Multimedia portables are at last making the sort of impact that the first MP3 players made, with truly versatile machines finally finding their way into high-street pockets.
iRiver is a name that's been on the scene for some time and the P7 is a PMP with which the company will be looking to make fresh waves. It’ll certainly need to offer something different to the Sony X-Series Walkman and, current champ, the iPod Touch.
The P7’s minimalist, silver and white design looks smart, though ours did attract dirt. And while the novel magazine-style interface takes some getting used to, once learnt it provides a clean and clear menu system.
The touchscreen controls are pretty responsive and there's a small control wand, too, though without a slot to tuck it away you won’t find yourself using it much. There’s also a microSD card slot to boost the slightly paltry 8GB storage (a 16GB version will set you back £30 more).
Music and movies
Bundled with the player is iRiver's latest 3 Plus software. Again, it's crisply presented and reasonably easy to get to grips with, so you’ll be quickly loading it up with music and movies.
You can also just drag and drop content from a Mac or PC straight to the portable, though we did find the P7 struggled to correctly tag our music when doing this.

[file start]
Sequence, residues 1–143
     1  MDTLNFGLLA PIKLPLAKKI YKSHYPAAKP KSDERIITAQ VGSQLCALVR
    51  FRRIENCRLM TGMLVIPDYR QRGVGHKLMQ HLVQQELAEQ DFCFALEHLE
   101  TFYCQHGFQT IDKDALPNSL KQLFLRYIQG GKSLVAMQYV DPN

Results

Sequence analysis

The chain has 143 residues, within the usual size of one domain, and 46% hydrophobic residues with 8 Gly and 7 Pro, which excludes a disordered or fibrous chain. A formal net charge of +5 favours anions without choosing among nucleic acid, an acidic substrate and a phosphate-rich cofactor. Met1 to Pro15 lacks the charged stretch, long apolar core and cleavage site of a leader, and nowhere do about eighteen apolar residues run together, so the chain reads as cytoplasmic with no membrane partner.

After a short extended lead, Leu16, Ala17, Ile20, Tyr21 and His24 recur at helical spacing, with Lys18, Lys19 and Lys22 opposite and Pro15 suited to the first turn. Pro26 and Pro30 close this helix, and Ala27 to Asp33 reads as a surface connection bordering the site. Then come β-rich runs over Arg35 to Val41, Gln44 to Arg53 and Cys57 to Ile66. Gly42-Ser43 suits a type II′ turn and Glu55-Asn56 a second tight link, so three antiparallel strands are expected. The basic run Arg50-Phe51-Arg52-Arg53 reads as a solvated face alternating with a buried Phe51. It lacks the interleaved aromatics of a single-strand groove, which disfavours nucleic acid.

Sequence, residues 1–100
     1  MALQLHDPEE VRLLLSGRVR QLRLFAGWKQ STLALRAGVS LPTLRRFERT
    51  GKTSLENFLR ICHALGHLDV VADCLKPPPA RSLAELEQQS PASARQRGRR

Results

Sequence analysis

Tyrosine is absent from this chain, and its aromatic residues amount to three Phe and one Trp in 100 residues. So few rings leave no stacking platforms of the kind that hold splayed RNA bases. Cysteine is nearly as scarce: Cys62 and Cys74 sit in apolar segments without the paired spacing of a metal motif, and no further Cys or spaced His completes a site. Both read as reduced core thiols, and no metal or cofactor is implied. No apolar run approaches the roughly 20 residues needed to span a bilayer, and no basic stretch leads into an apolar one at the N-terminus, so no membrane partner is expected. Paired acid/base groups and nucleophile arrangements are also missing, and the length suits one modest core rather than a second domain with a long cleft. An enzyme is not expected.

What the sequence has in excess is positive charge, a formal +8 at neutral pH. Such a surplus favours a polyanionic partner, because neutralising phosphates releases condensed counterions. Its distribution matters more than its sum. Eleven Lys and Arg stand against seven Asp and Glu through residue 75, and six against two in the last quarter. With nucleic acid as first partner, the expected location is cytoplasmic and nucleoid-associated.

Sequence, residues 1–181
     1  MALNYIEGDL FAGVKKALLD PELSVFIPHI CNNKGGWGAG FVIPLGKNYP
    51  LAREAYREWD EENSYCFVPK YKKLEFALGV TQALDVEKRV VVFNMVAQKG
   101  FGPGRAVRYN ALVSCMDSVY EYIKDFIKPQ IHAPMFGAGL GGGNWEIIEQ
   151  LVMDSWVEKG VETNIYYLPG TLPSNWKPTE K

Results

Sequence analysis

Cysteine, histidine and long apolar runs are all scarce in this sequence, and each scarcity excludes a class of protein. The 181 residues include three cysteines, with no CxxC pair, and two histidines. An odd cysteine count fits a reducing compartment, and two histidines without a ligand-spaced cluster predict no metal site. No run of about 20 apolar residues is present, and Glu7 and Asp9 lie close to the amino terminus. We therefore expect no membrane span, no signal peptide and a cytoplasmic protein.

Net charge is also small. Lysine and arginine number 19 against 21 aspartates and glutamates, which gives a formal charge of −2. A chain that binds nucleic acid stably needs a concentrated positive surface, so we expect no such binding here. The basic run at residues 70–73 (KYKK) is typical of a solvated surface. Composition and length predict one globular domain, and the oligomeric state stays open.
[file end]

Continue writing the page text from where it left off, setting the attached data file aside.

The player supports WMV, AVI, MP4 and Xvid video files, and the large 4.3in screen comes into its own with video content free of noise and smooth with motion, despite its relatively low 480x272 resolution.
Review continues after the break...
Good but not great
Colours are naturally presented with subtle shades handled well, but it lacks a little punch and the finite detail delivered by the iPod Touch, for example. It also struggles with off-axis viewing.
Still, the P7 has a good sense of timing with music, giving tracks plenty of space with an open presentation. It plays all the usual formats except AAC, which is rather a shame.
It doesn't quite have the bass reach and weight of the best in class and conversely there are hints of unwanted hardness to the treble with edgier recordings, but it remains a detailed, enjoyable listen.
On the subject of music and movies, iRiver claims the P7 will last for 50 hours of music playback, or 7 hours when it comes to video – and it seemed in that ball-park to us.
If you’re bored of your own tunes there’s also an FM radio at your disposal. Elsewhere you can, of course, view pictures on that big screen or play around with the built-in voice recorder.
Nevertheless, we think for a product of this type it’s missing a few key features. There's no web browsing, for example – for the money you might expect it – nor is there access to games or apps as seen on the iPod Touch.
While we applaud iRiver's attention to style and original design, the P7 gives a fair bit away to better-equipped, more versatile and simply better-performing PMPs.